Pacific News

    Symposium Explored Student Attitudes Toward Higher Ed

    Kick-off Event for Year-Long Planning Process at Pacific
    Author Anya Kamenetz answers a question while President Pamela A. Eibeck, Provost Maria Pallavicini and Donald Norris listen to her answer.Steve Yeater

    Author Anya Kamenetz answers a question while President Pamela A. Eibeck, Provost Maria Pallavicini and Donald Norris listen to her answer. Kamenetz was the keynote speaker to the Strategic Planning Symposium held on campus on Sept. 24.

    By Patrick GiblinOct 6, 2011
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    For today's student, college is not just about learning facts and figures, since most information is freely available on the Internet. It's about gaining the ability to "connect the dots" and predict what might happen next, said author Anya Kamenetz, the keynote speaker at the Symposium on the Future of Learning, Work and Professional Practice held at Pacific on Sept. 24. If colleges and universities wish to continue to stay relevant and attract the best students, this "new" reality has to be addressed in the classroom, she said.

    The symposium was the kick-off event for the year-long strategic planning process where members of the Pacific community will consider new goals for the University.

    Kamenetz, author of "Generation Debt" and "DIY U: Edupunks, Edupreneurs, and the Coming Transformation of Higher Education," said today's students are "do it yourself" people, or DIY for short, in that they be highly involved in finding knowledge and expect to find it both in and outside of the classroom, but require guidance and advice on what to do with the information once it is gained.

    "The DIY model is a lifelong model of learning for this generation, and the University is the scaffolding needed to help build and support that model," Kamenetz said to about 200 faculty and staff members who attended the symposium. "Knowledge is freely available, but if you are going to pay for anything, you expect to get a customized learning experience."

    This concept is often met with skepticism in higher education, Kamenetz admitted, where traditional pedagogy has worked well. But today, the system is starting to break down because of how easily it has become to find and share information, and because of the high cost of a quality education as well as the shrinking access to institutions of higher learning due to government budget cutbacks and crowed classrooms. Therefore, higher education must prove that it is still relevant by showing that students learn more than facts and figures in the classroom. They learn skills that can be applied in the real world.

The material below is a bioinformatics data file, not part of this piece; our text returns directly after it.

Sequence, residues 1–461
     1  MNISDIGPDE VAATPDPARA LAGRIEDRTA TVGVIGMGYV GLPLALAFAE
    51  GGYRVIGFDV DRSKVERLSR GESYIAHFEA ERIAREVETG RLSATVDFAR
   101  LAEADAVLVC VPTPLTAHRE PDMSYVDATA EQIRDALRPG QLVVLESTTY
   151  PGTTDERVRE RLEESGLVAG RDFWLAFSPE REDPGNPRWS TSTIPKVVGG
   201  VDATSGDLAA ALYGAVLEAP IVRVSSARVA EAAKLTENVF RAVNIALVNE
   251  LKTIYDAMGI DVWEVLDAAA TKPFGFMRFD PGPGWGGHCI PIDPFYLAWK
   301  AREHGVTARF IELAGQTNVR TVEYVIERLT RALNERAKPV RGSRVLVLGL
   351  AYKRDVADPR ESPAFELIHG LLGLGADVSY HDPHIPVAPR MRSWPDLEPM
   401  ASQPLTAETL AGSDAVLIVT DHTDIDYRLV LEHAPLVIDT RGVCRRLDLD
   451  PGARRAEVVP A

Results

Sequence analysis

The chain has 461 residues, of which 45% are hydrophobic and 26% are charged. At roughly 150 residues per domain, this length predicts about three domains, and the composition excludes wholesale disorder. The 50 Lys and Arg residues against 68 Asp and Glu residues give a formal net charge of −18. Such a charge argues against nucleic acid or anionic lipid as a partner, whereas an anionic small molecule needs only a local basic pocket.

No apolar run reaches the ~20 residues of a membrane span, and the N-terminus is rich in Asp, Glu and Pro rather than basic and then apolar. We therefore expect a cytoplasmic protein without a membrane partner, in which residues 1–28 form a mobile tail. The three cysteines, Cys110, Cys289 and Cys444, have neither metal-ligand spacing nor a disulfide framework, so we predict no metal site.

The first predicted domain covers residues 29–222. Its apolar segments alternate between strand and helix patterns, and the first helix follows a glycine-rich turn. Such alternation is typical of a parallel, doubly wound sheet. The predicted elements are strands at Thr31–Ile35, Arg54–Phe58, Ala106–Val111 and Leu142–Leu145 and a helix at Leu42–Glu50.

Author Anya Kamenetz speaks while President Pamela A. Eibeck listens.

    See videos of the Strategic Planning Symposium

    Author Anya Kamenetz was the keynote speaker at the 2011 Strategic Planning Symposium, held on Sept. 24 on the Stockton Campus. Videos of the event are online and can be viewed on the following page more


    She gave an example of how a professor at another university seemed to grasp this concept and changed how he taught a history class to meet these new expectations. Instead of having the students read books about a historical figure and then take a test, the professor assigned the students to edit the Wikipedia pages of the subjects being studied, and the students were told that they had to make sure the pages were historically accurate, well cited and proofed by the Wikipedia editors.